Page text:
Combined finite element and deep learning techniques for rapid prediction of workpiece structural dynamics during turning

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Salehi Tabar, Meshkat
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Cylindrical parts are widely used in the manufacturing industry, e.g., in making shafts. Such parts are typically machined on lathes by clamping the part on one end and removing material step by step using a cutting tool. The surface quality and dimensional accuracy of machined parts are critical as they directly affect the performance of end products. Structural flexibilities of a cylindrical part clamped on a lathe can lead to unstable vibrations known as chatter. Chatter causes poor surface finish on the part as well as damage to the tool and machine. Chatter can be avoided by proper selection of spindle speed and depth of cut, provided the structural flexibilities of the clamped part are known. However, as a part is machined, we observe changes in the structural dynamics of the part, which means the process parameters, such as spindle speed, must be updated at different stages during machining. This thesis presents a computationally efficient model to update the structural behavior of cylindrical parts during machining. These updated dynamics can then be used to calculate the stability lobe diagrams for each machining step, which leads to optimizing process parameters to maximize manufacturing efficiency. The proposed model is developed using the finite element (FE) method combined with deep learning techniques. First, a finite element model of the initial part is developed numerically, and the associated system matrices are generated and assembled. The removed volumes during the machining stages are then planned and segmented as substructures of the initial part. These substructures are dynamically decoupled from the workpiece by adding the opposite of their dynamics to the initial workpiece. This process updates the frequency response function (FRF) of the workpiece. A complete (full) order finite element model is implemented in the preliminary algorithm. Then, this model is reduced through model order reduction to improve the efficiency of the process by lowering the computational time. To reduce the order of the model, first, the master degrees of freedom (DOF) with the most contribution to the dynamics of the part are selected in an iterative procedure. Different methods are used to reflect the effect of the eliminated slave DOFs on the master DOFs. The FRF prediction results of the reduced order model are investigated. A deep learning-based framework is proposed to improve prediction efficiency. The developed algorithm in the first part of this study is used to generate a training dataset. A deep neural network is designed using hyperparameter tuning and then trained on the generated dataset. The performance of the trained neural network on an unseen set of workpieces is assessed. It is shown that the developed deep learning model can predict the structural dynamics of the part in less than 0.05s, making it suitable for online process monitoring and control applications.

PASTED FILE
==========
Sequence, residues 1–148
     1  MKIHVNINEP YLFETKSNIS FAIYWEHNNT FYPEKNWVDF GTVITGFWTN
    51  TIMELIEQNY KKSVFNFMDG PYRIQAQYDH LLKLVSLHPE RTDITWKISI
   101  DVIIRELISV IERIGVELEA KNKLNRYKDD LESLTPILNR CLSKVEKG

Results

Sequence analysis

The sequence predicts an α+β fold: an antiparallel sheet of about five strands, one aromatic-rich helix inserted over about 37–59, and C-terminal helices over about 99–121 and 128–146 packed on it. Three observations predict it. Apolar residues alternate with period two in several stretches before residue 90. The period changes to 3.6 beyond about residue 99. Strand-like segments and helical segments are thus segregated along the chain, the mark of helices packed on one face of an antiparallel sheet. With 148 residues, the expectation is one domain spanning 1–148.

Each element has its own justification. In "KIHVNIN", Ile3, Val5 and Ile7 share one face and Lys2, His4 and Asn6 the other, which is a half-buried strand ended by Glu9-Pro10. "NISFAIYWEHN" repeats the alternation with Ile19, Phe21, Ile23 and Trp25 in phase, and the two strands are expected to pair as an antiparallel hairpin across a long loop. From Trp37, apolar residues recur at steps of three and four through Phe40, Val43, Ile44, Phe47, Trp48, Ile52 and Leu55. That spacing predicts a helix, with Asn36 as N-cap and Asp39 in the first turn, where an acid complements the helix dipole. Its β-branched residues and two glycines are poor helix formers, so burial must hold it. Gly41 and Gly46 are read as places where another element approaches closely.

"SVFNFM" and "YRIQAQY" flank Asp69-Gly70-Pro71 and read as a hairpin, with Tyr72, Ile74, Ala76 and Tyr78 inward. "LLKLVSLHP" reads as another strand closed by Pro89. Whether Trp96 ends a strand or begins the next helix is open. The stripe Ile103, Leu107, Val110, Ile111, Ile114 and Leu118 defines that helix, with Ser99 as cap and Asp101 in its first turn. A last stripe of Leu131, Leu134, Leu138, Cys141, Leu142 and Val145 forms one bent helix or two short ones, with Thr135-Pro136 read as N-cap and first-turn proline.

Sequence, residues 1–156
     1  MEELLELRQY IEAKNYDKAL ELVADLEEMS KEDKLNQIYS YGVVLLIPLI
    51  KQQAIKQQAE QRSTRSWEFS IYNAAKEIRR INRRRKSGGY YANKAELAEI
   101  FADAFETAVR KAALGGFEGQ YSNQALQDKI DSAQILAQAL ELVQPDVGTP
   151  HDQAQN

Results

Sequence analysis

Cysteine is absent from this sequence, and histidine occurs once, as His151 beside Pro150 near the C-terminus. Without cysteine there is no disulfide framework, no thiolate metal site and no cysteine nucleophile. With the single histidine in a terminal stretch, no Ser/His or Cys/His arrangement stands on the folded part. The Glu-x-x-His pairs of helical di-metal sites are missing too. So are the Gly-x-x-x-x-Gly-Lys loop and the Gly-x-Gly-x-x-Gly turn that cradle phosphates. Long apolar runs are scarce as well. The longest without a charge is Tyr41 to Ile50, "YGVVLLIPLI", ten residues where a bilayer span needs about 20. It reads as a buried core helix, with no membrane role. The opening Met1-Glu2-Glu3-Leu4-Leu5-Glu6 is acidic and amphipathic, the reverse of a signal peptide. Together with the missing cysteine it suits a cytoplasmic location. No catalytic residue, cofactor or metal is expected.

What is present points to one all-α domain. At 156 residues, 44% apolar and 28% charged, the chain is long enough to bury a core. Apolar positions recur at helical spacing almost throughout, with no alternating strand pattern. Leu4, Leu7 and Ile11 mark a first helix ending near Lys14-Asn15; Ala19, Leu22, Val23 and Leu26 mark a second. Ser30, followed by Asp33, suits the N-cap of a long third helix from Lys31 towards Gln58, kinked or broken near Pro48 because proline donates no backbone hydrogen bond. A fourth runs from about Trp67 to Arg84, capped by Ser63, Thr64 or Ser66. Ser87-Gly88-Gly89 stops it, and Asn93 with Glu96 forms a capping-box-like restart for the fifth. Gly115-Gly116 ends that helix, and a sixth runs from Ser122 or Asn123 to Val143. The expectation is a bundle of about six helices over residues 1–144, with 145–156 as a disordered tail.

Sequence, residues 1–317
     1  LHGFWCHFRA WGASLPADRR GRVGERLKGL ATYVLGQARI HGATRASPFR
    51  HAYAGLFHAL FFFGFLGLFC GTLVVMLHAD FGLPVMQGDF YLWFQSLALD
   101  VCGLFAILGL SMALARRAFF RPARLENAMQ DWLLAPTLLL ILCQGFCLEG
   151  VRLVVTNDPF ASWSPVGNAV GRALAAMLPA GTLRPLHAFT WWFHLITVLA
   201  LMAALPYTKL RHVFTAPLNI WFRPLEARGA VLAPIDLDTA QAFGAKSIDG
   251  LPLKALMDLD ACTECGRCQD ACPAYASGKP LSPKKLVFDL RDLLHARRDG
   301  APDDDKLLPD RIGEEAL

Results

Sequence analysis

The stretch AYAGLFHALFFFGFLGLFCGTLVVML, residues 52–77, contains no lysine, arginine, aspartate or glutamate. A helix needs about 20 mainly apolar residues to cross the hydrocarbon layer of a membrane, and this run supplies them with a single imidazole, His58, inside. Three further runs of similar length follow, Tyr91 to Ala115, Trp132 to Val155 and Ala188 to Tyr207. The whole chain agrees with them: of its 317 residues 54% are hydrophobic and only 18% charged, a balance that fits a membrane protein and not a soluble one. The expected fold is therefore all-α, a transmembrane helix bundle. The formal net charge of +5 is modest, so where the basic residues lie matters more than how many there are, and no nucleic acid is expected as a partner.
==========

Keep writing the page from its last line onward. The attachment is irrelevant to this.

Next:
Frequency Response Function, Structural Modification, Deep Learning, Machining Dynamics, Finite Element Analysis